For 39 years Lottie labored, chiefly in Tengchow and P'ingtu. People feared and rejected her, but she refused to leave. The aroma of fresh-baked cookies drew people to her house. She adopted traditional Chinese dress, and she learned China's language and customs. Lottie didn't just serve the people of China; she identified with them. Many eventually accepted her. And some accepted her Savior.

Her vision
Lottie's vision wasn't just for the people of China. It reached to her fellow Southern Baptists in the United States. Like today's missionaries, she wrote letters home, detailing China's hunger for truth and the struggle of so few missionaries sharing the Gospel with so many people - 472 million Chinese in her day. She shared another timely message, too: the urgent need for more workers and for Southern Baptists passionately supporting them through prayer and giving.
She once wrote home to the Foreign Mission Board, “Please say to the [new] missionaries they are coming to a life of hardship, responsibility and constant self-denial.”

Disease, turmoil and lack of co-workers threatened to undo Lottie’s work. But she gave herself completely to God, helping lay the foundation of what would become the modern Chinese church, one of the fastest-growing Christian movements in the world. Lottie Moon died at 72 — ill and in declining health after she had made sacrifices for decades for her beloved Chinese.

But her legacy lives on. And today, when gifts aren't growing as quickly as the number of workers God is calling to the field, her call for sacrificial giving rings with more urgency than ever.

How much does your church plan to give to the Lottie Moon Christmas Offering this year?


Dramas and skits

Every Gift Helps by Ashley Mitchell
A young boy shows he understands just how important it is to give to support missionaries.

What's Your Sacrifice? by Ashley Mitchell
Waiting in line to buy concert tickets, four teens change their minds about how to spend their money.

Because you gave, they came by Brittany Conner
This is a series of four skits. The skits can be performed one after the other or separately. The characters are unrelated, but each offers a perspective on how lives are changed because of those who serve as missionaries and those who support missionaries.

See Jane
by Brittany Conner
What would happen to missionaries if there were no Lottie Moon Christmas Offering?

We each have a role by Brittany Conner

Dramas involving the character or life of Lottie Moon

Monologue: Lottie Moon by Brittany Conner from Lottie Moon's letters
Lottie Moon urges Southern Baptists to give enough to send additional missionaries.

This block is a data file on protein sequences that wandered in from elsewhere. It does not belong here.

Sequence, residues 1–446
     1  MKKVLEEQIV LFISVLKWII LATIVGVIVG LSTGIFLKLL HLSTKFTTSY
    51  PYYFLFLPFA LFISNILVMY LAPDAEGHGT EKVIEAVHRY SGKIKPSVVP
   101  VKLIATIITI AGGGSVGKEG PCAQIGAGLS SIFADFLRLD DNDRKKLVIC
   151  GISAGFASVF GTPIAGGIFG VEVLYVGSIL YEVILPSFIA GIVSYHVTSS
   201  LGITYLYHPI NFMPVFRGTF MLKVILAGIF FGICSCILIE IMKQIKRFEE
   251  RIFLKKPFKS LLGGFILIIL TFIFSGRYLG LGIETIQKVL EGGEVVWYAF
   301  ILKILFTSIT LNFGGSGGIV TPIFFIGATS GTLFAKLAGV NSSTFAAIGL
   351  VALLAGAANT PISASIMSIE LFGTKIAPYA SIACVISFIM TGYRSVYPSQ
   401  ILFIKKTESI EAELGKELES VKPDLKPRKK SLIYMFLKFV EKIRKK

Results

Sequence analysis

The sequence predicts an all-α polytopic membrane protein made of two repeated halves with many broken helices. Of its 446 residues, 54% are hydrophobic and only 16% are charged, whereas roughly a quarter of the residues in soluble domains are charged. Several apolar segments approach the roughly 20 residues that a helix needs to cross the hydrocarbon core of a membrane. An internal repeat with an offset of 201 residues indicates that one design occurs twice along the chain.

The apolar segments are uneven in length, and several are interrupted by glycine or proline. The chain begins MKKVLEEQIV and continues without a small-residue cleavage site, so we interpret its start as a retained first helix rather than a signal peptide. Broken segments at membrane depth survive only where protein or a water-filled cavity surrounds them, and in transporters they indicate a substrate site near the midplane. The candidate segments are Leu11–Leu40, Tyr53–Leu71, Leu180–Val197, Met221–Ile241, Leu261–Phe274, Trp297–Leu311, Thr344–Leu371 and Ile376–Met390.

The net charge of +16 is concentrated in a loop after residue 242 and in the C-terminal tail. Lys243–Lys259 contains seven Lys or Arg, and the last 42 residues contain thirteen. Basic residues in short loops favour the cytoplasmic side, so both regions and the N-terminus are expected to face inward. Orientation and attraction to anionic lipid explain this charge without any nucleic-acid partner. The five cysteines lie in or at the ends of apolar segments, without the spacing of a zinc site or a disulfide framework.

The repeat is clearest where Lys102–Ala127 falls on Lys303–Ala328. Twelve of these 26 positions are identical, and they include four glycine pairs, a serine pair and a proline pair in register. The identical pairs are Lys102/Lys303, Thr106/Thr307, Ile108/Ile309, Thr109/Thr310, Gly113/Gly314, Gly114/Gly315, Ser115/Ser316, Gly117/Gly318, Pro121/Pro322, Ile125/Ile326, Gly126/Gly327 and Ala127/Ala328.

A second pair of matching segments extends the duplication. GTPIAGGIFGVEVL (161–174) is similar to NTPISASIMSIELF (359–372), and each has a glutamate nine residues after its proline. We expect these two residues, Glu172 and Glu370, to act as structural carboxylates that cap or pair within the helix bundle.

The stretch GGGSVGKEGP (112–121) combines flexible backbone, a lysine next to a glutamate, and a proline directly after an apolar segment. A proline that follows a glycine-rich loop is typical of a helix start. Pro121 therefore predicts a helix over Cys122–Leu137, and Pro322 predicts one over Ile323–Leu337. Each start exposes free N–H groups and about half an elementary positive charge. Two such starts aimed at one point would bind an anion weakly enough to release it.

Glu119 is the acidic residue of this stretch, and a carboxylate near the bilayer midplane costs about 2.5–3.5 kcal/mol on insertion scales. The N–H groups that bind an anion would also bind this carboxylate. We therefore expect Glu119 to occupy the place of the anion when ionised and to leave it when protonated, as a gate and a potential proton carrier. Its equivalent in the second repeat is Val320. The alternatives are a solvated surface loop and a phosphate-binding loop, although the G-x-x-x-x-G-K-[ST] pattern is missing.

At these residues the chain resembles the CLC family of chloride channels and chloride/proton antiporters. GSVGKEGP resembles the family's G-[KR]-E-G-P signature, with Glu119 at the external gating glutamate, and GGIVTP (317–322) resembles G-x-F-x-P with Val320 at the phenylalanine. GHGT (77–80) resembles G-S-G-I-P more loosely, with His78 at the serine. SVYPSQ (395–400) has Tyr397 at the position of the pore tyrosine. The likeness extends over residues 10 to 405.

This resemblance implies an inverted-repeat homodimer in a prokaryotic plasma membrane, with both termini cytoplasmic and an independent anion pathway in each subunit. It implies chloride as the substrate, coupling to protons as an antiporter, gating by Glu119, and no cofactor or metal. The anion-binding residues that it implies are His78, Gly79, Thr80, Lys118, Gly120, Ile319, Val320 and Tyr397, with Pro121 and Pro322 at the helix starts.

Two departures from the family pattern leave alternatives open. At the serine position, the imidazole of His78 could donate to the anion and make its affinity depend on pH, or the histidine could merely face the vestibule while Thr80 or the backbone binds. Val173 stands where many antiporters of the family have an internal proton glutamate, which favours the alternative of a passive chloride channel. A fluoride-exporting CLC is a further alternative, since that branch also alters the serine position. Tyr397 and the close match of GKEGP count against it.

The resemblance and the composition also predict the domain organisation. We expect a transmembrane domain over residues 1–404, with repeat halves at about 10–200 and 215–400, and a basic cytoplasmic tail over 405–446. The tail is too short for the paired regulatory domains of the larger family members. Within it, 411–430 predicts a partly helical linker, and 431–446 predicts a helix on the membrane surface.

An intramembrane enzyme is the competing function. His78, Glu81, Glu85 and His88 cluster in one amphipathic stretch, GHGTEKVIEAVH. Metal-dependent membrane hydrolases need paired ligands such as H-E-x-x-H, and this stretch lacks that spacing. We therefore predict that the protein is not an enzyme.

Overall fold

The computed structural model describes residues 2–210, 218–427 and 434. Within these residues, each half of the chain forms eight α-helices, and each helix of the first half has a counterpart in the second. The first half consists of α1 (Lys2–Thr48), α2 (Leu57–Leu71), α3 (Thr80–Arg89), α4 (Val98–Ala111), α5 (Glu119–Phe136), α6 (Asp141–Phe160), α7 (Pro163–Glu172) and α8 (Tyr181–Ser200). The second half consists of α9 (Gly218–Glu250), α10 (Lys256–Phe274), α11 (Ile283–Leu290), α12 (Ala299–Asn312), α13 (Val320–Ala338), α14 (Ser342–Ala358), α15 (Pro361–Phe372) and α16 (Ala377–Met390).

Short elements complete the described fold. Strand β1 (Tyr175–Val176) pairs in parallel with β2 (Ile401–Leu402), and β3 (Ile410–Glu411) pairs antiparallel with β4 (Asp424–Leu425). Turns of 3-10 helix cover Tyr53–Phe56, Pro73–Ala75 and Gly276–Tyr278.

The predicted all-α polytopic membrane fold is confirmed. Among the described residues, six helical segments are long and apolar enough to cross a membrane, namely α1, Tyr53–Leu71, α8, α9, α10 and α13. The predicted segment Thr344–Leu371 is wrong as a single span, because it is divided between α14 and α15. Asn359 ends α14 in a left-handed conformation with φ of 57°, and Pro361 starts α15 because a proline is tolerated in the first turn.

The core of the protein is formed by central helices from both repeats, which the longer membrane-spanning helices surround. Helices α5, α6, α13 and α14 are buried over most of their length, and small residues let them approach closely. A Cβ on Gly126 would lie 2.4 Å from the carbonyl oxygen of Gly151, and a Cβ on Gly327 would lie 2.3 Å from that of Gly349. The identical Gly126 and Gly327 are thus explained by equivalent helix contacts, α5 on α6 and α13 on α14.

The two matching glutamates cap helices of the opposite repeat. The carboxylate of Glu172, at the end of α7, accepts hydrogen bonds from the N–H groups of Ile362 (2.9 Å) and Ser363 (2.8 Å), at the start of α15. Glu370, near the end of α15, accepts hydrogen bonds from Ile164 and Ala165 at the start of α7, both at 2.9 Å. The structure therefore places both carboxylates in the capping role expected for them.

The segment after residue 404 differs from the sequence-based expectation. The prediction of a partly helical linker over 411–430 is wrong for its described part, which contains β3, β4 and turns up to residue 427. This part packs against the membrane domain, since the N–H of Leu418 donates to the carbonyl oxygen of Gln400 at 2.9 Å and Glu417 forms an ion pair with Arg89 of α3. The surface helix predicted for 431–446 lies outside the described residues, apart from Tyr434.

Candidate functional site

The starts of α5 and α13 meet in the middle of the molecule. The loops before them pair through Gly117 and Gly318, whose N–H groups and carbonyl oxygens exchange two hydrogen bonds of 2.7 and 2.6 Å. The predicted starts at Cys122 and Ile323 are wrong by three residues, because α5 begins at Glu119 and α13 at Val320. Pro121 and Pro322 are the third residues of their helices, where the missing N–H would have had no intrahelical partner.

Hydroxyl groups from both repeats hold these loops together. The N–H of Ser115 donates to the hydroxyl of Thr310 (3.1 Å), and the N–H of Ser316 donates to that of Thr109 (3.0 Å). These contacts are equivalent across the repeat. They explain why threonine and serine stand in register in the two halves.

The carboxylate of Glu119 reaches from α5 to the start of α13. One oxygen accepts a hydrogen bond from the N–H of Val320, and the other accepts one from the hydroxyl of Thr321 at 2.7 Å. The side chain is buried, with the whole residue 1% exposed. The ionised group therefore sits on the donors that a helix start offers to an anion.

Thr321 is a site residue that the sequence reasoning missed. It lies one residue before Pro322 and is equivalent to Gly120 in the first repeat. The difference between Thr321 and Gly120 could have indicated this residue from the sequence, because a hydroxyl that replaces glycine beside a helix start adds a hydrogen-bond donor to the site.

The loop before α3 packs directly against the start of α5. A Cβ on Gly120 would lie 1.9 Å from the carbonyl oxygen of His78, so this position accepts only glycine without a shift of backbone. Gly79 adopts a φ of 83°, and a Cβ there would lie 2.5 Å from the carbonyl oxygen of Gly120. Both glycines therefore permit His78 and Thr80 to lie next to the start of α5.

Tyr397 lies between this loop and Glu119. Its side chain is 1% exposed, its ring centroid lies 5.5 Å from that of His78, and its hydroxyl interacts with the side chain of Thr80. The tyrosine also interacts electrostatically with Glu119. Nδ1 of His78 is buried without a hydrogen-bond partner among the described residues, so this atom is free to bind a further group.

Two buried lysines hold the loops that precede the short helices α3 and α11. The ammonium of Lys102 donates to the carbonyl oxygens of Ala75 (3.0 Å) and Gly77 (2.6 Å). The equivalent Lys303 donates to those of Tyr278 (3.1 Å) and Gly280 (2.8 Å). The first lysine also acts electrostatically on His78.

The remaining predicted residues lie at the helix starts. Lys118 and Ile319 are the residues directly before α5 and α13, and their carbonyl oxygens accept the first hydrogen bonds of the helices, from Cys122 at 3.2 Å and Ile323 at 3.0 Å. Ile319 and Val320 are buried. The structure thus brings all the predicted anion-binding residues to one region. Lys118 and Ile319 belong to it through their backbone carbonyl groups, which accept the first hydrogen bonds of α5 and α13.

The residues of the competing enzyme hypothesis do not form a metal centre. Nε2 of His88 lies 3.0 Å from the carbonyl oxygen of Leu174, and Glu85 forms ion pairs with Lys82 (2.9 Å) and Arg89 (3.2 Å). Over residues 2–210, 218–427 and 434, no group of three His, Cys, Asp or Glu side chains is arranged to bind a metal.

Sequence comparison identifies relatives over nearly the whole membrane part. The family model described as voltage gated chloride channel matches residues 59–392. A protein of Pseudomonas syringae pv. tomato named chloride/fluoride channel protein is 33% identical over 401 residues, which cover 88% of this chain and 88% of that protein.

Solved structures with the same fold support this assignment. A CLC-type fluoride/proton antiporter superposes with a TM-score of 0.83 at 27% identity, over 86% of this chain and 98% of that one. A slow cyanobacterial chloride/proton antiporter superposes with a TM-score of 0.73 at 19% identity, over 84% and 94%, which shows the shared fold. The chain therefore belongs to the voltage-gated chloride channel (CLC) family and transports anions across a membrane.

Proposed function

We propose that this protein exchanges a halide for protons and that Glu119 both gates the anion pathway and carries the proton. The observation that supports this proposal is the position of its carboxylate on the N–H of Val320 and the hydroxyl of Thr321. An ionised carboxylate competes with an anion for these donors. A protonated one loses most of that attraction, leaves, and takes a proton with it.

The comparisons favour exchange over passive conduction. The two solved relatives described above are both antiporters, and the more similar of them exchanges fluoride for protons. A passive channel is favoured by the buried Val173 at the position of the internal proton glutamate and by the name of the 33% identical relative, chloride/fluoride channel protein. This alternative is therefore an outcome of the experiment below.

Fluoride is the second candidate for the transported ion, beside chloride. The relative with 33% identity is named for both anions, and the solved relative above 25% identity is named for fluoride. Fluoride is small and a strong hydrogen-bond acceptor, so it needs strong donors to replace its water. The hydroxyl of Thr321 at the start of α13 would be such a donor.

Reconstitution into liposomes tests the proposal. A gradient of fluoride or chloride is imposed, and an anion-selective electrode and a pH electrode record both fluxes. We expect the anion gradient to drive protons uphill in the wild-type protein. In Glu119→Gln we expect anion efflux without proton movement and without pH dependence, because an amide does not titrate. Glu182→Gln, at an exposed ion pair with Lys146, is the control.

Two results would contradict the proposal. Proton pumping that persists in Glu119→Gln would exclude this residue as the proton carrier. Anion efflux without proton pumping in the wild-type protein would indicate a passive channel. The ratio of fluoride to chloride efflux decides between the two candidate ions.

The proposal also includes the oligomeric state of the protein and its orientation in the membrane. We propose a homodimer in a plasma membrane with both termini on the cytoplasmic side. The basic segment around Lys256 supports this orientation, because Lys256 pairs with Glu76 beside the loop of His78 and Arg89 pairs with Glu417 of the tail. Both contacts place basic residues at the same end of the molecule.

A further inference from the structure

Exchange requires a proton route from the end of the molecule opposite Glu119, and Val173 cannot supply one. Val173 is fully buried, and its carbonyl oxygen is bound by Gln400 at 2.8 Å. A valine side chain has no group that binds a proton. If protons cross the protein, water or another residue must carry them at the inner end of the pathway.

That All Peoples May Know Him by Karen Nadeau
Lottie Moon pleads for Southern Baptists to give so "That All Peoples May Know Him."

Faithful Unto Death
Original by Miriam Robinson, Revision by Brittany Conner     
A radio narration of the life of Lottie Moon.

Her Lengthened Shadow
Original by Lucy Hamilton Howard, Revision by Brittany Conner     
Scenes from the life of Lottie Moon.

It Cannot End at Kobe
Original by Carol Tomlinson and Doris Standridge, Revision by Brittany Conner 
How Lottie Moon lives on in 21st-century missions.

Teacake recipe

From the Web site for Woman’s Missionary Union (www.wmu.com):

As a way to earn the trust of the people and show her goodwill, Lottie Moon made tea cakes for the children in her village in China. Once the children ate the cookies, they would take Lottie to their homes where she would share the gospel with their mothers. The children began calling Lottie “the cookie lady” instead of “foreign devil.”

Plain Tea Cake (As made by Lottie Moon)
Three teacups of sugar
One teacup of butter
One teacup of sour milk
Four pints flour
Three eggs, well beaten
Half a teaspoon of soda
Flavor to taste, roll thin, bake in a quick oven.

Adapted recipe:
2 cups flour
½ cup butter
1 heaping cup of sugar
1 well-beaten egg
1 tablespoon cream

Cream the butter and sugar. Add the egg and mix well. Add the flour and cream. Dust a board with flour. Roll the dough very thin. Cut cookies with a round cookie cutter. Place on a buttered or nonstick cookie sheet. Bake at 475 degrees for about 5 minutes.

Videos about Lottie's legacy

I cannot be silent: Lottie Moon became a portrait of obedience no matter the cost. 3:44

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Downloads: Windows | QuickTime

Find presentation helps for leading discussion on Lottie Moon and her influence on others.


Keeping Lottie's legacy alive: Lottie Moon taught Sunday School at a Virginia church that keeps her legacy alive. 2:00

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View video in QuickTime for mobile phone
Downloads: Windows | QuickTime